IT IS A mark of Remembering Babylon's resonance that it should send all manner of potent images crawling up from the moss of exported Australian culture to settle in the reader's mind. Predictably enough, perhaps, the sharpest of these comes only indirectly from literature. When Gemmy, the former cabin-boy who has spent 16 years in the company of an Aboriginal tribe, careers out of the bush to confront a gaggle of startled children, the scene is oddly reminiscent of Nicholas Roeg's film of the James Vance Marshall novel Walkabout. Though the settings are more than a century apart - Malouf's territory is north Queensland in the 1850s - the effect is the same: the wide-eyed onlookers, the puzzled, tractable apparition ('a shape more like a watery, heat-struck mirage than a thing of substance'), the hint of menace and the uncertainty of what lies ahead.
Encounters of this sort, whether in literature or film, carry an almost tangible symbolism. Malouf's symbol for this new and inchoate landscape, or rather a very old landscape in the process of radical transformation, is the man who uncomprehendingly bestrides two cultures and is torn apart by conflicting allegiances. In Gemmy's case, these are no more than dimly perceived instincts. Knowing only a few words of fractured English ('Do not shoot,' he cries, mistaking 12- year-old Lachlan's raised stick for a shotgun, 'I am a British object'), he moves towards this frail new civilisation in pursuit of 'the creature, the spirit or whatever it was, that lived in the dark of him . . .'
Gemmy's apparent centrality is only one of the novel's many easy deceptions. His importance, it transpires, lies in his effect on the small circle of settlers with whom he comes into contact. The early chapters, consequently, can be read as a parable of racial identity. Taken in by the McIvor family - Lachlan, his uncle, aunt and their two daughters - pronounced harmless and set to work at household chores, Gemmy swiftly becomes an object of suspicion. Leaving aside the characteristic settler fear of flying axes, his presence is a sharp reminder of much that these interlopers would prefer to forget: the transience of their hold on these newly acquired possessions; a primeval past in which they and Gemmy meet as equals; a frightening linguistic impasse. His reversion to barbarous, native speech is, as Malouf puts it, 'provocation, a way of making them helpless'.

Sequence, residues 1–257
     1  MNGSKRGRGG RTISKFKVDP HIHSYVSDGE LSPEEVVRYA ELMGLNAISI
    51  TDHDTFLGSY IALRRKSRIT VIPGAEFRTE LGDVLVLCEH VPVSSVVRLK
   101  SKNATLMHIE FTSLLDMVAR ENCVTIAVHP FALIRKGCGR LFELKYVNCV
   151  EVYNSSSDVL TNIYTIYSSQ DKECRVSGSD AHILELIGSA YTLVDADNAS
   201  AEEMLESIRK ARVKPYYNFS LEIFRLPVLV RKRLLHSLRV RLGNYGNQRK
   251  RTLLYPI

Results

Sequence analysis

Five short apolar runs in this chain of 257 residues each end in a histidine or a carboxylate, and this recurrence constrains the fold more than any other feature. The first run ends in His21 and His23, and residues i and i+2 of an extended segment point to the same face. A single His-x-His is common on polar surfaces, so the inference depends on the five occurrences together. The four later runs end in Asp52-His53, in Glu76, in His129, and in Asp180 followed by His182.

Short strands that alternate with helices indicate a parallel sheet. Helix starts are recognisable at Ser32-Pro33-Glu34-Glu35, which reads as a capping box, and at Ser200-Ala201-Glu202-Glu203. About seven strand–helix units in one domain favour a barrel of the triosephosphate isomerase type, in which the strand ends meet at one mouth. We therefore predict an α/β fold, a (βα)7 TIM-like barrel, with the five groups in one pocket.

The settler community gradually becomes inflamed by fear and rumour - exacerbated by the sight of Gemmy conversing with two Aboriginal visitors. But the reader who expects Remembering Babylon to end in a riot of anti-colonial savagery will be sadly disappointed. Gemmy becomes a progressively more marginalised figure - eventually he disappears altogether - a catalyst whose presence causes other people to reappraise their own lives. In this way, too, the racial identity trail peters out into dust and scrub. Gemmy's observers, the McIvors, Abbot the schoolmaster, Mr Frazer, the minister, the eccentric bee-keeping Mrs Hutchence, with whom he is finally sent to lodge are in search of narrower goals. Like Gemmy, each has his or her 'creature', endlessly pursued and invariably hanging a little way out of reach.
This feeling of a series of epiphanies, or moments of selfrealisation, is confirmed midway through the book, when the narrative finally settles on Lachlan's cousin Janet as the central character. Out among Mrs Hutchence's hives and suddenly covered by a swarm of bees, Janet experiences a moment of intense spiritual elevation. The novel ends half a century later during the First World War, with Janet as a member of a religious order and Lachlan a government minister who is drawn back to his cousin after a scandal over some letters she had written to a German apiarist.
Remembering Babylon defies easy summary. Gemmy is no more than a vehicle (his presumed death in a raid on Aboriginal settlement is mentioned almost in parenthesis); the moments of personal revelation are glowing yet unconnected. For all its absorption in mental re-appraisal, the novel's enduring focus lies elsewhere, in landscape. Thus Mr Frazer, out botanising with Gemmy in the bush, is 'a shape, thin, featureless, that interposed itself a moment, like a mist or cloud, before the land blazed out in its full strength again'. In the end the novel's characters seem somehow less important than their milieu; scurrying, vagrant humanity adrift in a world of echoing space and silence.
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